“After that,” Olaled said as she walked over and straddled him, still looking dazed, “I need to be on top.”
The new birther strolled up to Asleda, a slow, predatory smile spreading across her face. She was tiny, with a head of loose, curly hair all around her face.
“Ready?” she asked. Asleda glanced consideringly down at his naked groin, finding himself sticky and half-hard.
“Soon,” he said. Pushing his hips up he shimmied out of his breeches, tossing them on his bedroll so that he was wearing only skin, like her. Her mark was between her breasts, marking her as Domiolan’s.
“Play with me,” she said, folding herself beside him. Asleda pushed his face between her heavy breasts, kissing the faintly raised ridge of the entwined strands of her mark, faded blue with age. He suckled at the tattoo, slipping his hands up her ribs and under the sag of her breasts, kissing down to the white threads lining her belly.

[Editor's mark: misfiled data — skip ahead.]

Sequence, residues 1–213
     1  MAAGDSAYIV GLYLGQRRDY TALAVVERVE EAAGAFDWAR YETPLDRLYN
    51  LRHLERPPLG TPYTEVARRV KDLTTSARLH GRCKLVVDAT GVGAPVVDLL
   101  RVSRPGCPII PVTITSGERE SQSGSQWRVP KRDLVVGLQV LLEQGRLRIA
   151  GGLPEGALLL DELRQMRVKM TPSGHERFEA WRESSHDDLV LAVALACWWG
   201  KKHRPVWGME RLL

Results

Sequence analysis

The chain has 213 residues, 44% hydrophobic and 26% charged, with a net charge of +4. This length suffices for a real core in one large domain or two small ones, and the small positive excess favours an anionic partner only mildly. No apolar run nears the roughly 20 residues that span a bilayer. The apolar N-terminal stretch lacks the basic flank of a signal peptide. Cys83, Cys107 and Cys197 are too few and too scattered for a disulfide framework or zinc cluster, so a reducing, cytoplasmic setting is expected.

“How many have you birthed?” he asked, looking up at her as she pulled his hand between her legs to stroke her vulva, hair and lips soaking and slick.
“Three,” she told him, teasing a nipple with her fingers. Then, with a smile, “Give me another.”
After that she was all teeth and clawing fingers, leaving him breathless and hard and then she was on him, moving fiercely.
“Enthusiastic, isn’t she?” Dechon called.
Need, and pleasure, and his fighter’s blood all swam through the physical overwhelm, and Asleda used his strength to flip them over so she was beneath him. She grunted each time he thrust hard into her, shoving herself against him until he forced her hips down in frustration so he could focus on nothing but spilling his life inside her.